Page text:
• @xLeitix, I'm not sure what you mean by "open tenured". I doubt that very many people other than well known superstars can take their tenure with them. You normally need to prove yourself at the new place. But the conditions may be different including both time and expectations. Perhaps the other answers were about moving and being immediately tenured. If you are recruited by the new institution, probably you are offered tenure. Otherwise, I doubt it. – Buffy Aug 9 '18 at 12:28
  • Not sure I understand. In Europe it's fairly normal to hire people onto tenured positions if they have already proven themselves elsewhere. Or at least they are given special positions where they, for instance, hold a full professorship which is initially time-limited to 5 years with a lightweight review at the end to convert into a regular position. If a person who is tenured elsewhere is expected to downgrade to an Assistant Professor again I can understand why many people assume that it is hard to move after tenure. – xLeitix Aug 9 '18 at 12:55
  • @xLeitix don't conflate tenure with position. The last time I moved, I remained full professor, but had a two year "probationary" period. Tenure was granted at the end of the two years in the usual way after review. The varies from place to place, of course. – Buffy Aug 9 '18 at 13:00
4

I suggest you be very careful about this. On face value, the question you are trying to answer is why do you want to work with/for us and an answer of the commute will be better or the pay/benefits will be better is not going to make the committee want to hire you. Search committees are generally looking for colleagues who want to work there for an academic reason.

Given the schools seem very similar on paper (similar rank, size and student demographics) your current department has probably spent considerable time thinking about what makes your department better then their department. Similarly, their department probably has a sales pitch for students about why they are better. This can probably lead you to a host of reasons to justify your desire to switch that the new department will probably weight considerably. Once you convince them that there are academic reasons, explaining that there are also personal reasons that will make your recruitment very easy and that you are nearly a sure thing and wanting to stay for the long haul, will be icing on the cake.

It is also worth explaining early on that you want to move not because you are worried about tenure, but rather that you have established yourself and they can really see your value.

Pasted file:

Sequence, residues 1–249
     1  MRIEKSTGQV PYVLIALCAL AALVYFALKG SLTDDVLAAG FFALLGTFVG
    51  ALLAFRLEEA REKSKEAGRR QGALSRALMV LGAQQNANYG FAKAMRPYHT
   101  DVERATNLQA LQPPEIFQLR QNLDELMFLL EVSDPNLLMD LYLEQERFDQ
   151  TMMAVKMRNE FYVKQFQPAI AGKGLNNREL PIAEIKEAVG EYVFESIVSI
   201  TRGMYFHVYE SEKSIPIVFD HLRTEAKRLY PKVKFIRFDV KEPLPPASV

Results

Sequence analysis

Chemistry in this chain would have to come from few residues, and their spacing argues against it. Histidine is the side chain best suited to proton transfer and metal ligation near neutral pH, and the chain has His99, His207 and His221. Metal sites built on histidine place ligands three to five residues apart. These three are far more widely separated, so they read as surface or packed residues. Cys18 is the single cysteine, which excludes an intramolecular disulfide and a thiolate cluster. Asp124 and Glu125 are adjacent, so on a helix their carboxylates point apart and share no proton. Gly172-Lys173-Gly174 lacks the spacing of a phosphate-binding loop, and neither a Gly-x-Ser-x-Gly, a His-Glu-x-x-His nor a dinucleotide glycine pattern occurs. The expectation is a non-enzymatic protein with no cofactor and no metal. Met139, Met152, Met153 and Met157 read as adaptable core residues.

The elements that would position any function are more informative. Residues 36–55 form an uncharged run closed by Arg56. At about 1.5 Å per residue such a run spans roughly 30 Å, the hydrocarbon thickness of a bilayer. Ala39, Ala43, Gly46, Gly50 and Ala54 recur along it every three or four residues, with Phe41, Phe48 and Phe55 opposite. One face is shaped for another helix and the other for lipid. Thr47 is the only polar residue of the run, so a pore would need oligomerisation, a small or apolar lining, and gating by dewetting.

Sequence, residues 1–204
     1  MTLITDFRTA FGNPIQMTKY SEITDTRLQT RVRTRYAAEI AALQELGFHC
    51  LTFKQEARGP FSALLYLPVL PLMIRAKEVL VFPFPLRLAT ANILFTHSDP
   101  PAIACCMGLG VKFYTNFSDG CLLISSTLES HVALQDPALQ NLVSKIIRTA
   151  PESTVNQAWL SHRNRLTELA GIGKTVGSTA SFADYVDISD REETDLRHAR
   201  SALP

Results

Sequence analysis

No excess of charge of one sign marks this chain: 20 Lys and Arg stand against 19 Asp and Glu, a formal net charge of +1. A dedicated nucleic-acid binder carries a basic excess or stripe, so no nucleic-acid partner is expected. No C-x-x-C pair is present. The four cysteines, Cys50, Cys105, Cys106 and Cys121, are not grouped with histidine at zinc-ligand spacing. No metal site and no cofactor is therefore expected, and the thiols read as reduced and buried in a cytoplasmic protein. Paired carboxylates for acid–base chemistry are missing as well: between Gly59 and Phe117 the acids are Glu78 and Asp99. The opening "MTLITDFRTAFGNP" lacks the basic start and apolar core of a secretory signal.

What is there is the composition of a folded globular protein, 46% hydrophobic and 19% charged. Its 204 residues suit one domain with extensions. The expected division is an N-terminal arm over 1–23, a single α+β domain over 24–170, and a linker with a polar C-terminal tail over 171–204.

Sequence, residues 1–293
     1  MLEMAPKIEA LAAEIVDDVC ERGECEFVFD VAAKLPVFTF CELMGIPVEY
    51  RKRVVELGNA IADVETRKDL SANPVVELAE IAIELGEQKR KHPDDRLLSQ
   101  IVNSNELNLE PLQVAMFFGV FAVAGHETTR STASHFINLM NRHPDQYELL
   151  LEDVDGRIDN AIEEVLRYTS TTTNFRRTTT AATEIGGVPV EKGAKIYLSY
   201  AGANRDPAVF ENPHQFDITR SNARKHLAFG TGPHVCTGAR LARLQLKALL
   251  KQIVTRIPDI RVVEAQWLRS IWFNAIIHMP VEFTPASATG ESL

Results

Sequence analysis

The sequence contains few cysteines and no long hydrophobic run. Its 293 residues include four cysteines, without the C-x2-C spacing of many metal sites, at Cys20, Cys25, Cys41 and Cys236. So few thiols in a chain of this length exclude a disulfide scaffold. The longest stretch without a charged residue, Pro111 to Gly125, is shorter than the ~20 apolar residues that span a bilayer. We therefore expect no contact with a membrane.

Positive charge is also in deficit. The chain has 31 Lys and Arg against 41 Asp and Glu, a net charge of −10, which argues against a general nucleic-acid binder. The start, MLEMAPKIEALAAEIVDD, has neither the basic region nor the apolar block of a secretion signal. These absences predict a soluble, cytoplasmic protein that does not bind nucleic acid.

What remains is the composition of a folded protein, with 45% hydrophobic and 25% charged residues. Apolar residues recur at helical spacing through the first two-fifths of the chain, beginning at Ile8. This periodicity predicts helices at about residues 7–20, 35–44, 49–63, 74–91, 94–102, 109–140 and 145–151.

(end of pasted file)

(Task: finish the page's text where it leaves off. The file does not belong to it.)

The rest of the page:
Once you convince the search committee that there is an academic reason you want to work there (maybe there are some nuances in the curriculum or a different philosphy about teaching/research

| improve this answer | |
  • 2
    There's a fair chance that a committee will see right through this. I recommend just going with "my lifestyle will be much better if I work here, and conveniently enough, your department is strong". A wise department might well see the fortunate synergy, and run with it! – Scott Seidman Aug 8 '18 at 19:34
  • 1
    I agree with your sentiment, but I want to note that these are both undergraduate only institutions. We do not recruit students directly. We really never think about other departments at all, except to chat about best practices in teaching from time to time. Given that I am in STEM, there aren't really any ways in which my department thinks of itself as unique. We are trying to align with the collegewide ideals of inclusion, but those are the same at both schools. I am really at a loss as to how to distinguish the departments from afar. – The Person In Question Aug 8 '18 at 19:43
  • 3
    I don't think OP (or anyone else) is suggesting describing his two-body problem as the only reason he's interested in the new position, which is what you seem to be arguing against. – JeffE Aug 8 '18 at 21:12
  • 1
    @JeffE the titular question says entirely and the body says It is hard to come up with a compelling narrative for why I would leave my current job for this one aside from the simple fact that I would love to be closer to home both of which threw up red flags for me. – StrongBad Aug 8 '18 at 22:31
  • 3
    @StrongBad There is a difference between "Why do you want to leave your current position?" and "Why are you interested in a new position here?" OP says the former is entirely due to two-body issues, but that doesn't imply that the latter is also. – JeffE Aug 9 '18 at 3:08
1

I think you have to be up front about the reason for wanting to move. But of course it's not why they should hire you. Perhaps you can frame your cover letter as giving this new institution the chance to hire someone (you) who has proved him/herself of great value to a similar institution.

You can say at some point that you are open to any tenure clock reset, but probably not in the first cover letter.

If you know or can find a good referral to someone at the new institution you can talk to you might be able to get a sense of the lay of the land. It need not be someone in authority, or even necessarily in the same department.

If your existing institution knows about your job search a letter from them saying they are really sorry to lose you but understand why you want to move would be a plus in your application.

Small benefit you need not make explicit: the new place can add you to the list of finalists to interview without incurring travel and lodging cost.

I've served on lots of hiring committees. I tend to be sympathetic to problems like yours, and view them as an opportunity to get someone better than we might otherwise attract.

Good luck. Come back here and tell us what happened.

| improve this answer | |

Your Answer

By clicking “Post Your Answer”, you agree to our terms of service, privacy policy and cookie policy

Not the answer you're looking for? Browse other questions tagged or ask your own question.